I profiled the top candidates here a few weeks back. I have no crystal ball regarding the elections, but as I said then, I expect Kaboré to win, in part because of de jure and de facto restrictions on who can vote due to insecurity. But anything could happen. There are formidable candidates among the other 12 figures.

One interesting item that I haven’t explored is what Radio Omega calls “a wave of resignations” from Diabré’s party recently. That’s not good for the formal head of the opposition, obviously. The figure discussed at the link not only was a parliamentary deputy and the deputy president of the party’s parliamentary bloc, but is also apparently a significant figure within the Mossi chiefly establishment – a minister, as he puts it in his Facebook page (as of October 22), to the Mogho Naaba, the country’s “mediator monarch.” I wonder if various politicians are putting their fingers to the wind in the weeks before the election, and I wonder which ways they feel the wind blowing.

Here, finally, is CENI’s provisional list of legislative candidates.

Recent Reporting on Insecurity-Related School Closures in the Central Sahel and the Lake Chad Basin

The violent conflicts in the Sahel and in the Lake Chad Basin have been causing schools to close, on and off, for years. Bodies such as Human Rights Watch and the Global Coalition to Protect Education from Attack have issued reports on this subject this year (in May and September, respectively). Jihadists are key perpetrators of attacks on schools, obviously, targeting them for ideological reasons specific to education (objections to the curricula, for example), but also as symbols and institutions of the state. Schools can also be caught in the crossfire, literal or political, amid extended conflicts; for example, Human Rights Watch points out above that when militaries use schools, it can contribute to making those schools into targets.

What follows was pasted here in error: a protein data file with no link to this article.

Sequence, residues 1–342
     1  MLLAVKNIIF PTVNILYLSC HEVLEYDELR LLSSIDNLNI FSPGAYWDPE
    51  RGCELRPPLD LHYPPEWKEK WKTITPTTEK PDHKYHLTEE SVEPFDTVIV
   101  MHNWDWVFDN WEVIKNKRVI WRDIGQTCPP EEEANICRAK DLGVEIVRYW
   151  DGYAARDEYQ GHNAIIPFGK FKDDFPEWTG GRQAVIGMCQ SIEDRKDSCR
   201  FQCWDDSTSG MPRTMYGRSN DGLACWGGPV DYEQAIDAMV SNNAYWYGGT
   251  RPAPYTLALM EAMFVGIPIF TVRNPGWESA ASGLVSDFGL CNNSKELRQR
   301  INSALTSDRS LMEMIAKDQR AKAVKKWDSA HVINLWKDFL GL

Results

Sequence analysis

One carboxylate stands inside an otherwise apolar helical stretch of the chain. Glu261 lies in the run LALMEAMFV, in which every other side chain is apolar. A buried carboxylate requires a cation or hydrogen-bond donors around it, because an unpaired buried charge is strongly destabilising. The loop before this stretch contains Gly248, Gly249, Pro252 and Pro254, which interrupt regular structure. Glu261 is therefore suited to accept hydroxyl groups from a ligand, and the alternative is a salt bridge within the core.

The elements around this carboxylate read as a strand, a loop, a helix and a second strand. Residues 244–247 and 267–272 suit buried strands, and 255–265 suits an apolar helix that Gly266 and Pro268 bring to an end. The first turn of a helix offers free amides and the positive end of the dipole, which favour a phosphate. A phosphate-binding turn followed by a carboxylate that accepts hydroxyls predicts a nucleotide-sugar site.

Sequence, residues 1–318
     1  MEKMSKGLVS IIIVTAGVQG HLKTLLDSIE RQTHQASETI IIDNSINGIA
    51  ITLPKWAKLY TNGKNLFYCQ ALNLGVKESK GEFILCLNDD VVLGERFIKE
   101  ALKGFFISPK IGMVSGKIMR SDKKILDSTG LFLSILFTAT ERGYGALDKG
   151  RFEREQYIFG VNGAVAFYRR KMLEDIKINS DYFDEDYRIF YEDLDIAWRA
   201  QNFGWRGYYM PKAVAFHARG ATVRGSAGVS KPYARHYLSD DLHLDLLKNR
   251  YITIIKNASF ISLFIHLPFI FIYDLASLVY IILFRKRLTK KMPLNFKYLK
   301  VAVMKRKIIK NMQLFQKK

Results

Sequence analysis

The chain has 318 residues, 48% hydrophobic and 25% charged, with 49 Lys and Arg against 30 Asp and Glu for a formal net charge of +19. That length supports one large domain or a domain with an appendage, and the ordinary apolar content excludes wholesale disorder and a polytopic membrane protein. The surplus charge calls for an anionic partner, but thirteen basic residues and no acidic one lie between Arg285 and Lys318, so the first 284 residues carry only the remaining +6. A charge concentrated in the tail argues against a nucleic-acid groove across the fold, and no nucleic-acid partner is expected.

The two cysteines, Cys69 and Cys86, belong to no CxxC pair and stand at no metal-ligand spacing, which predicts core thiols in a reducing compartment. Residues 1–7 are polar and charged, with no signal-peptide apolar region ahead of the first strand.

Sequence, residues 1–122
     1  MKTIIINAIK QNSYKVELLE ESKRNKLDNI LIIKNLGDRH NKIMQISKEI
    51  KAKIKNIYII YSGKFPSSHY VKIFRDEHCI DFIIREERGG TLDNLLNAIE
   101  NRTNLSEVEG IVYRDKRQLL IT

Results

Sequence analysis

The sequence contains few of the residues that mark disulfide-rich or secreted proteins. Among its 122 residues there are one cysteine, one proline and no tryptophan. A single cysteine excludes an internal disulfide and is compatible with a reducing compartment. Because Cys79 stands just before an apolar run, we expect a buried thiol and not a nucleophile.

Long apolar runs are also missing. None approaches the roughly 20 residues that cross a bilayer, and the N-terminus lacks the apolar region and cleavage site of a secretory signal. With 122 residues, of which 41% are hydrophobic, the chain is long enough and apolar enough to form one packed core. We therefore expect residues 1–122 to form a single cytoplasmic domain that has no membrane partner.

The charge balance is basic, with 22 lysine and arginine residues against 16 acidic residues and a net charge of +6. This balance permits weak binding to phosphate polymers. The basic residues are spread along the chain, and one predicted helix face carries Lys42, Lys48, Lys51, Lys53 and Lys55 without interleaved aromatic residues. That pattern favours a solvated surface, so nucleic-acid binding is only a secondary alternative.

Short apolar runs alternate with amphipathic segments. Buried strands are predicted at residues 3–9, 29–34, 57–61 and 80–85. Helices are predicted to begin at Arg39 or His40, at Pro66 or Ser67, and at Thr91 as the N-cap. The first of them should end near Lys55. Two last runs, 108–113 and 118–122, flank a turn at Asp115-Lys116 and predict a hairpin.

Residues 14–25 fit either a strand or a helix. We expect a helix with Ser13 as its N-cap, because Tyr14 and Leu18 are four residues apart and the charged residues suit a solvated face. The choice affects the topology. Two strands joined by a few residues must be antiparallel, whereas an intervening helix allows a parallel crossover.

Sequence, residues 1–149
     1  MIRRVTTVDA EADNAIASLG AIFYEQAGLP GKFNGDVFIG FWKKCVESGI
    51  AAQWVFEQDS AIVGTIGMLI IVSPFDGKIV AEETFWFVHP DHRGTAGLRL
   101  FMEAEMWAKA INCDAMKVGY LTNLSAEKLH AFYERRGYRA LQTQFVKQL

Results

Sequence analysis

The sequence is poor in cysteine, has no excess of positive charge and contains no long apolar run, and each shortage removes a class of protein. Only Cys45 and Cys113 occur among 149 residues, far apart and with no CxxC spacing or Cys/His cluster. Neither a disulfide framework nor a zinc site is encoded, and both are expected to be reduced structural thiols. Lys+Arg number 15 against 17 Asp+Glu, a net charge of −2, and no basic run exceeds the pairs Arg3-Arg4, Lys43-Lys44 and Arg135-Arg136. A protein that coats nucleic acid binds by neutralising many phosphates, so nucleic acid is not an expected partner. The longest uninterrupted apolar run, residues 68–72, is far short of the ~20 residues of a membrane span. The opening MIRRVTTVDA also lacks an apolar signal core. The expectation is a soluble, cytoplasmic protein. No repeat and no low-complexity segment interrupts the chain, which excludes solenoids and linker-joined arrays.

Several journalistic reports on school closures have come out just in the past few days:

  • Voice of America (October 19) reports on school closures in northern Cameroon due to attacks by Boko Haram. A Cameroonian official says: “Sixty-two schools have been closed. The children have to be either scholarized [educated] in other schools very far from their own villages or to abandon schools. Thirty-four-thousand-and-fifty-four students have been registered as IDPs. We have the students of the host communities; we have even refugee students.”
  • Le Point (October 21) gives some grim statistics: in Mali, 926 schools out of 8,421 are closed. In the central region of Mopti, the most violent region in the entire Sahel, 127 schools out of 218 are closed.
  • RFI (October 21) gives even worse statistics for Burkina Faso: 2,100 schools closed, although that estimate is actually lower than 2,512, the number of schools closed due to insecurity on the eve of COVID-19, according to Human Rights Watch’s count in its May 2020 report.
  • RFI (October 21) has a short piece on the education crisis in Mali, including a striking micro-portrait of a teacher who was wounded in Kidal, in the far northeast, during an ill-fated visit by the then-Prime Minister there in 2014, which triggered clashes with ex-rebels. The teacher, now in Bamako, says he/she cannot go back because of the state’s absence in Kidal and the security forces’ inability to provide security there.

In some areas, I don’t think it’s much of an exaggeration to say, insecurity is locking parts of entire generations out of their chance at an education. And teachers like the one mentioned above can also have their lives and careers thrown into chaos. Even if the violence stopped tomorrow in all these conflict zones, the effects will be felt over lifetimes.